Giving our clients good pricing advice

A year ago, I was in car accident. I was on Kinderkamack road in Emerson, and stopped because a line of geese were crossing the road (new rule: drive over the geese), and a woman who apparently wasn’t paying such careful attention smashed into the back of my car.  She pretty much destroyed the rear end of my car, virtually totaling it.  It took about three months to get the car fixed, and I had some residual neck pain for a few months.

Being a litigious sort, since I’m an attorney, my thoughts naturally turned to whether I had a claim against her for liability.  Three months of not having a car, an increase in my insurance rates (even though the accident was clearly not my fault), and some personal injury.  I would have thought it was worth something.  So I called a few attorney friends, including my cousin John Rand, a crack personal injury attorney in White Plains.

In about a 20-minute conversation, he explained to me that I didn’t have a case.  Something about New York’s and New Jersey’s no-fault policy for these types of auto accidents.  So I dropped the issue.

I thought about that recently when I was talking to some agents about how they help a client price a home.  When a seller comes to an agent for advice about selling a home, one of the biggest concerns is the price — the seller obviously wants to get the highest price possible.  Often, the agent is in the position that my cousin John was in, delivering some bad news about the viability of those hopes.  Just like John had to tell me that I didn’t have a legal claim despite my injuries, an agent has to explain to a seller the realities of the housing market.

Unfortunately, it’s not easy telling a client what she doesn’t want to hear.  And I think that in a lot of cases, agents aren’t able to do the job they’re supposed to do in helping their client understand the realities of the situation.  John would not have done me any favors if he had told me I had a viable case, and then induced me to spend time and money pursuing it.  Similarly, an agent doesn’t do her client any favors when she allows that seller to price the home at an unsustainable level.  The home isn’t going to sell, and the client isn’t going to have a good experience.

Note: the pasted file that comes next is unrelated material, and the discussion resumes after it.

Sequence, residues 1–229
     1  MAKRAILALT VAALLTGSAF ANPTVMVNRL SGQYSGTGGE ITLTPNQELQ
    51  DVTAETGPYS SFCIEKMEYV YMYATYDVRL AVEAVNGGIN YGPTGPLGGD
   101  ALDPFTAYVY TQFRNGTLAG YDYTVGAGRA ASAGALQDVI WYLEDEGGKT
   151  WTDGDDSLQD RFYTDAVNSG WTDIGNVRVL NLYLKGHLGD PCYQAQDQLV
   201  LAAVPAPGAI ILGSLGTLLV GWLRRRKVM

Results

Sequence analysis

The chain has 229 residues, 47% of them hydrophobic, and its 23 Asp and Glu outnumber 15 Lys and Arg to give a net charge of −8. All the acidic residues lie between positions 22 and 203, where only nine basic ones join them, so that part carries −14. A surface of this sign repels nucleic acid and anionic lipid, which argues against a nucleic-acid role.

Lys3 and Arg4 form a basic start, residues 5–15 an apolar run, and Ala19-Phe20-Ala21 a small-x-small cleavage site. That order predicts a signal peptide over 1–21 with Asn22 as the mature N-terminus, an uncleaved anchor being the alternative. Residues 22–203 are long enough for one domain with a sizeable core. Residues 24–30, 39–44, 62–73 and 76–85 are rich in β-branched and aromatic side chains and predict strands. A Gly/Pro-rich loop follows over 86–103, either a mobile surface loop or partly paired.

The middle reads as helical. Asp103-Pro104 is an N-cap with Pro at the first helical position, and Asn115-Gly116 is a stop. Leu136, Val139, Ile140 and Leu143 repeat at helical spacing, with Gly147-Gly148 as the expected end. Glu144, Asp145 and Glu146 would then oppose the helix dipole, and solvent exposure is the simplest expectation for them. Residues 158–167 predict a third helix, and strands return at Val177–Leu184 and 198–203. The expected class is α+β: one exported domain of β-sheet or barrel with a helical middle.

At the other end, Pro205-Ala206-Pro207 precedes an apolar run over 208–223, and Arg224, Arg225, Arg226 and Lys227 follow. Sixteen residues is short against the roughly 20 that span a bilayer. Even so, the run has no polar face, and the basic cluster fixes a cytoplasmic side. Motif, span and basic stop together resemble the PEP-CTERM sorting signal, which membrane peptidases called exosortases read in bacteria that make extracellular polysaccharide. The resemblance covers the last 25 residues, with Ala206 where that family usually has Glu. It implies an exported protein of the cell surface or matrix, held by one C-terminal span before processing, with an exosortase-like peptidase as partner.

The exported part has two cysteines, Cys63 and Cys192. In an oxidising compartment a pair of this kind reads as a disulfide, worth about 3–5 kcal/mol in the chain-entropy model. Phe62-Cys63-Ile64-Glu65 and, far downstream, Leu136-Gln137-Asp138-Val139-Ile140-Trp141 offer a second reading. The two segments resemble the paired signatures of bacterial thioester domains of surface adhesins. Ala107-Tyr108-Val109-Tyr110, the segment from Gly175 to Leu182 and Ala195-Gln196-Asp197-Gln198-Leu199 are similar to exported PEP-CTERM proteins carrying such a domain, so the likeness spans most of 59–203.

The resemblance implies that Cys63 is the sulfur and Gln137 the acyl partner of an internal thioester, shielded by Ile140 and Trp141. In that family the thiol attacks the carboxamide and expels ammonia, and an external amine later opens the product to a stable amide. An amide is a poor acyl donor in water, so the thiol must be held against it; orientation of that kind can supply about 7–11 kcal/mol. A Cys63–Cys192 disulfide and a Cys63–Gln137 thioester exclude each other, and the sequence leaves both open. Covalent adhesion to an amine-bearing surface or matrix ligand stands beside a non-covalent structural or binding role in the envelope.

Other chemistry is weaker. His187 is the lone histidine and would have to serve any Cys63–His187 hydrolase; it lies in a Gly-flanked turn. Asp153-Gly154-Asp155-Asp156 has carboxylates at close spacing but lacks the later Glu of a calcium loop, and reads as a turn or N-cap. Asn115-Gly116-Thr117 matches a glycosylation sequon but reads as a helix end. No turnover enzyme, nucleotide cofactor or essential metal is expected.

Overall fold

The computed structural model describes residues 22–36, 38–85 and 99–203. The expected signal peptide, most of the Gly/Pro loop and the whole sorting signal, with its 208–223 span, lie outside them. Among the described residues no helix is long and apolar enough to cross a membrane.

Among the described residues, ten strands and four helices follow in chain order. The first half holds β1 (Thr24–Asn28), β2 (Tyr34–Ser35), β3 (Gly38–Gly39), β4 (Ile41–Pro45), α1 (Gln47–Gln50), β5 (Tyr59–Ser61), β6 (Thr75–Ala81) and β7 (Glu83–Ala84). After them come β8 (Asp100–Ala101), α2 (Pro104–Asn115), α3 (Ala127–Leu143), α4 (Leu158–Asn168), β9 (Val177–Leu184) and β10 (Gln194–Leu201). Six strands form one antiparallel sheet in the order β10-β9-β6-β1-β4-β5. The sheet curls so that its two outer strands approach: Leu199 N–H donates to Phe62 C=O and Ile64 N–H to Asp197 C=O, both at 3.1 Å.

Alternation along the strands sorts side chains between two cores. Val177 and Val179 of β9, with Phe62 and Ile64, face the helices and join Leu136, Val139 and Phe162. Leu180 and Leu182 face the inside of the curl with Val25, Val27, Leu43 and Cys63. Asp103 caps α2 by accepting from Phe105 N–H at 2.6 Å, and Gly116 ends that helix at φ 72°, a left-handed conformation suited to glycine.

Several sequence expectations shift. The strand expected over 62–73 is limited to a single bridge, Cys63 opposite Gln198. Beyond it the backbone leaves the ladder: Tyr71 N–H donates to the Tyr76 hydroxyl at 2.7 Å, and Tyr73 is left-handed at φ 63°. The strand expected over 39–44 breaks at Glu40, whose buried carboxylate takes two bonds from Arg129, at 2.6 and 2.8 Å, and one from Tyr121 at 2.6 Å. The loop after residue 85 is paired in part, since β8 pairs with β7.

Why do we do that? Maybe it’s because we naturally shy away from being pegged with that stereotype that all real estate agents want to do is underprice their listings to get a quick sale.  Maybe we’re defensive about presenting a price. Or maybe it’s just because sellers don’t trust their broker to give them solid advice and counsel the way that I trusted my attorney to give me his advice.

Whatever it is, we do our sellers a disservice when we allow them to overprice their homes.  We’re not helping them, or, for that matter, ourselves.

So what do we do?  I’m working on a pricing presentation that tries to educate and explain the fundamentals of pricing to a seller, in the interests of actually doing our job.  If you have suggestions, I’d love to hear them.